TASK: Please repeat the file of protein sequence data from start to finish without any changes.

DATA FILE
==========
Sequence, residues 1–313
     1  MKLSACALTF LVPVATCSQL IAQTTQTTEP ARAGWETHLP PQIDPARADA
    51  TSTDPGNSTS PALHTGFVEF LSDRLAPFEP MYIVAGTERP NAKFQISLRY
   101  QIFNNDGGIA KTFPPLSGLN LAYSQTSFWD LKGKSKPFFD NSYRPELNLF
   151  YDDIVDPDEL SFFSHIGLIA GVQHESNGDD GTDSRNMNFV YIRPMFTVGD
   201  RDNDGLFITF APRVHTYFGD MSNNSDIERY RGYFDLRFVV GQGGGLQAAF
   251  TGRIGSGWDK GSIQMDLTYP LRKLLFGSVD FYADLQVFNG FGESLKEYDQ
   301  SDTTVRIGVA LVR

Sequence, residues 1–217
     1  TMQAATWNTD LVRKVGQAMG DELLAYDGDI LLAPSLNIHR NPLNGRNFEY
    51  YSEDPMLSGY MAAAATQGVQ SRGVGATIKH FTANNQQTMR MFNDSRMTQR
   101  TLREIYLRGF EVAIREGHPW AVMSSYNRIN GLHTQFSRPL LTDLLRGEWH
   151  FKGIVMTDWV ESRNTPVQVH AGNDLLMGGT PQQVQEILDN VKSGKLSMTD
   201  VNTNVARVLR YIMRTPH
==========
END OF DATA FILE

Sequence, residues 1–313
     1  MKLSACALTF LVPVATCSQL IAQTTQTTEP ARAGWETHLP PQIDPARADA
    51  TSTDPGNSTS PALHTGFVEF LSDRLAPFEP MYIVAGTERP NAKFQISLRY
   101  QIFNNDGGIA KTFPPLSGLN LAYSQTSFWD LKGKSKPFFD NSYRPELNLF
   151  YDDIVDPDEL SFFSHIGLIA GVQHESNGDD GTDSRNMNFV YIRPMFTVGD
   201  RDNDGLFITF APRVHTYFGD MSNNSDIERY RGYFDLRFVV GQGGGLQAAF
   251  TGRIGSGWDK GSIQMDLTYP LRKLLFGSVD FYADLQVFNG FGESLKEYDQ
   301  SDTTVRIGVA LVR

Sequence, residues 1–217
     1  TMQAATWNTD LVRKVGQAMG DELLAYDGDI LLAPSLNIHR NPLNGRNFEY
    51  YSEDPMLSGY MAAAATQGVQ SRGVGATIKH FTANNQQTMR MFNDSRMTQR
   101  TLREIYLRGF EVAIREGHPW AVMSSYNRIN GLHTQFSRPL LTDLLRGEWH
   151  FKGIVMTDWV ESRNTPVQVH AGNDLLMGGT PQQVQEILDN VKSGKLSMTD
   201  VNTNVARVLR YIMRTPH